The GOP's Supreme Problem
Provided we don't discover conclusive evidence that Sonia Sotomayor is a Soviet sleeper agent dedicated to the violent overthrow of America's system of constitutional government, she will be confirmed as an associate justice to the Supreme Court. Rather than stop Sotomayor, the Republican Party needs to lay the groundwork for Obama's next Supreme Court appointment by testing effective lines of attack.
At the risk of damning Sotomayor with faint praise, it’s pretty clear that she is not the second coming of Harriet Miers.
Among conservatives, the emerging consensus is that Sotomayor is an identity-politics pick. It's certainly true that Obama has gained considerable kudos by naming the first Latina to the Supreme Court. Yet this is a kind of politicking that Republicans have engaged in as well. Antonin Scalia, the most celebrated conservative jurist of our time, sailed through confirmation despite a decidedly controversial reputation as a brilliant intellectual bomb-thrower. His main asset was the fact that he was the first Italian American named to the Supreme Court, a constituency that Democrats were careful not to offend. Though greatly admired by many on the right, George H.W. Bush's nomination of Clarence Thomas was widely seen as motivated by a desire to replace Thurgood Marshall with another African American. Absent the role of identity politics, it's not obvious that Thomas would have been Bush's first choice. Had the brilliant Miguel Estrada been confirmed to the D.C. Circuit Court of Appeals, one can imagine that he'd be sitting on the Supreme Court instead of Samuel Alito. All this is to say that the identity politics charge won't stick. If anything, attacking Sotomayor as an "affirmative-action hire" will make Republicans look like bigoted bullies to Latino voters.
To have any hope of stopping Sotomayor, Republicans would have to demonstrate that she is dangerously unqualified for the job. But at the risk of damning Sotomayor with faint praise, it's pretty clear that she is not the second coming of Harriet Miers, George W. Bush's disastrous first pick for Sandra Day O'Connor's seat. Seen as an intellectual lightweight, not least by a number of Republican senators who considered her answers to basic questions concerning constitutional law bafflingly inadequate, Harriet Miers quickly withdrew her nomination, leaving the Bush White House with a black eye it really didn't need. Sotomayor, in contrast, has spent 15 years as a federal judge, including more than 10 years on the Second Circuit Court of Appeals. It's true that Sotomayor has been the victim of a rather clumsy whispering campaign. Earlier this month, Jeffrey Rosen, legal-affairs editor of The New Republic, published a short, incendiary dispatch in which he relayed vague criticisms of Sotomayor's temperament and intellect from federal prosecutors and former Second Circuit law clerks. Rosen was then condemned by a number of liberal bloggers, led by the immensely popular and always-forceful Glenn Greenwald. Some of Rosen's blog critics argued that he aided and abetted racism and sexism by carelessly passing on unsubstantiated criticisms, and Rosen was quick to apologize. But the Web contretemps has had an impact all the same, particularly on the political right. Many conservatives remain firmly convinced that Rosen's sources were right, and that he's been silenced by the forces of political correctness. Even if that were true, and there's good reason to believe that it's not, this line of attack runs squarely into the bigoted bullies problem.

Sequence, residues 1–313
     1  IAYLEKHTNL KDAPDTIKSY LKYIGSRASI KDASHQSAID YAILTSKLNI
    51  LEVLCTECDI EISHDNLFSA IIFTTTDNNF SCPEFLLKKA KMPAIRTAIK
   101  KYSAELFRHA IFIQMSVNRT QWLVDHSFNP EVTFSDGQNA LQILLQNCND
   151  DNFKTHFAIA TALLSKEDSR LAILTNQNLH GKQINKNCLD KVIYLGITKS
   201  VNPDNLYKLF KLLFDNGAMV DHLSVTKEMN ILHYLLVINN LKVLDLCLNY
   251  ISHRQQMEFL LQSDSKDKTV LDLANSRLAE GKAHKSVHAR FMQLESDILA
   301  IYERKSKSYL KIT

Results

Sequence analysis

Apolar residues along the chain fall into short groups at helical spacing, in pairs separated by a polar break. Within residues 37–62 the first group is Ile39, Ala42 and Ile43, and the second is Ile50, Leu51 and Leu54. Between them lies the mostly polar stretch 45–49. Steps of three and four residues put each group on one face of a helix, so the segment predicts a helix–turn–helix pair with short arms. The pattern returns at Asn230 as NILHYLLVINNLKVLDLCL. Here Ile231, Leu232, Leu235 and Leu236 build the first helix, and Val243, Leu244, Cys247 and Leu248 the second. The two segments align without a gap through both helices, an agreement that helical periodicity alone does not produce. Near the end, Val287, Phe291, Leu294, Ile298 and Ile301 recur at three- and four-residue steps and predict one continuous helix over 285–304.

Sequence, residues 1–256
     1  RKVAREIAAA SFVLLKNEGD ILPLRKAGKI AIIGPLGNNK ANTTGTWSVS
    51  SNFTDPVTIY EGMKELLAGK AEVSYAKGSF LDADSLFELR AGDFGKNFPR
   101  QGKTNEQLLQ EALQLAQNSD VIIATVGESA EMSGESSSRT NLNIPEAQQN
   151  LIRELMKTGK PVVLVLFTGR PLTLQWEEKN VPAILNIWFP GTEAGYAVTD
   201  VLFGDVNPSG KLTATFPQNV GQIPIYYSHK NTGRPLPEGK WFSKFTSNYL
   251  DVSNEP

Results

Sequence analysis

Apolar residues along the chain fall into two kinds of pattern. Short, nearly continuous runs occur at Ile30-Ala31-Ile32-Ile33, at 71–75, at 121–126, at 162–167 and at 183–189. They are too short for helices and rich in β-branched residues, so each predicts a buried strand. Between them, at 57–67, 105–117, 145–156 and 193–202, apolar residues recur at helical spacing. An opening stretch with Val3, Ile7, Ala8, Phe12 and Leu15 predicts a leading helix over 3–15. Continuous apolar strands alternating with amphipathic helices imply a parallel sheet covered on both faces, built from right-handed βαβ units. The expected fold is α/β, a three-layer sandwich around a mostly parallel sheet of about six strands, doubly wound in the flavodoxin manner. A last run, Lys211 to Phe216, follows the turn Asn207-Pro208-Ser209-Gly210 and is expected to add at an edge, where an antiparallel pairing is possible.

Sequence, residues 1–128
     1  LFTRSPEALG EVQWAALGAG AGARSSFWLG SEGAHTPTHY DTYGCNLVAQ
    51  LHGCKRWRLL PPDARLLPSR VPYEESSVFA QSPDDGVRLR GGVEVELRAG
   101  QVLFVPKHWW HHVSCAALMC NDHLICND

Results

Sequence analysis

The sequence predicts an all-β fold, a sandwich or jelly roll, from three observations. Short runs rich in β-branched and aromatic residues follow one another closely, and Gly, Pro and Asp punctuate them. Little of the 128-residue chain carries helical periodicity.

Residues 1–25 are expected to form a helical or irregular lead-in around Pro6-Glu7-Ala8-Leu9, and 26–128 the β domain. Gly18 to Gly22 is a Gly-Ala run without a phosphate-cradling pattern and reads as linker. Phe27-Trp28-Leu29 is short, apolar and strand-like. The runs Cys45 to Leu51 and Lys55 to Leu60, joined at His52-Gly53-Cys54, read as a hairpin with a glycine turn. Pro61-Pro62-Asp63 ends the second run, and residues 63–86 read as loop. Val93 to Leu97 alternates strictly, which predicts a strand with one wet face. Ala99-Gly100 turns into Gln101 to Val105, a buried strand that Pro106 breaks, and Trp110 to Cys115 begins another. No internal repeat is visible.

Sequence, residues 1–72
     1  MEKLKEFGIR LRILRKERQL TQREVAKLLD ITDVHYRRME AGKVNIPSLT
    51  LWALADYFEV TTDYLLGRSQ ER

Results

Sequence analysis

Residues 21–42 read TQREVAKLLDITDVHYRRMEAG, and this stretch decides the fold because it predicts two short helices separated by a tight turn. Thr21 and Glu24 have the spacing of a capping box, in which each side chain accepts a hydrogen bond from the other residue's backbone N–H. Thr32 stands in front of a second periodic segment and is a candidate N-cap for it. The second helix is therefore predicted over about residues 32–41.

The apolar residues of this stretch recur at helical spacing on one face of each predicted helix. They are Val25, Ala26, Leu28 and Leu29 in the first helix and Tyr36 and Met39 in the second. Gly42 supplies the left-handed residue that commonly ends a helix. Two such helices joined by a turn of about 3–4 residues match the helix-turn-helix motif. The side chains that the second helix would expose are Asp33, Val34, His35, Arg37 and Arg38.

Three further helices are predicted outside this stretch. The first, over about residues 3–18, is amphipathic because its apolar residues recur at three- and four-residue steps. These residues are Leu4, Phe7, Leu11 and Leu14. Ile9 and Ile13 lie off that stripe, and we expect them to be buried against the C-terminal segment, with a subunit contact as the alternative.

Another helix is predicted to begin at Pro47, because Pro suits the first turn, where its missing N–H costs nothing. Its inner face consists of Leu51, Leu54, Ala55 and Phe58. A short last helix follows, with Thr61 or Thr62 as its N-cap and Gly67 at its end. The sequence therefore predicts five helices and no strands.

Then, of course, there is the notion that Sotomayor is an intensely ideological liberal. A great deal of e-ink has been spilled on the Ricci case, in which Sotomayor backed the City of New Haven, Connecticut's decision to stop the promotion of a white firefighter because no black firefighters were eligible for promotion in the same round. The Supreme Court is about to decide on the same case, and there is reason to believe that the conservative majority will take a stand against Sotomayor's position. Keep in mind, however, that Sotomayor is replacing the liberal Souter. There will be no real shift in the balance of power, and Republicans won't gain a lot of traction by hammering away at issues that are only followed by a vanishingly small minority of Americans.
There is one issue facing the Supreme Court that a majority of Americans are deeply interested in, and that is national security. As Meghan Clyne of the New York Post argued last week, the most vexing Supreme Court rulings in recent years haven't been about abortion—which hasn't faced a serious challenge since Casey—but rather about the legal status of military detainees. The Second Circuit will soon issue its decision in the case of Maher Arar, a Canadian who has accused the American government of sending him to Syria for a brutal interrogation. Republicans should seek straight answers on where Sotomayor stands on the scope of executive authority in wartime. It's safe to expect that Sotomayor will try to avoid giving any straight answers. After all, Roberts and Alito did the exact same thing. But the questions need to be asked all the same, not least because it will send a clear signal to President Obama about his next nominee.
Reihan Salam is a fellow at the New America Foundation and the co-author of Grand New Party.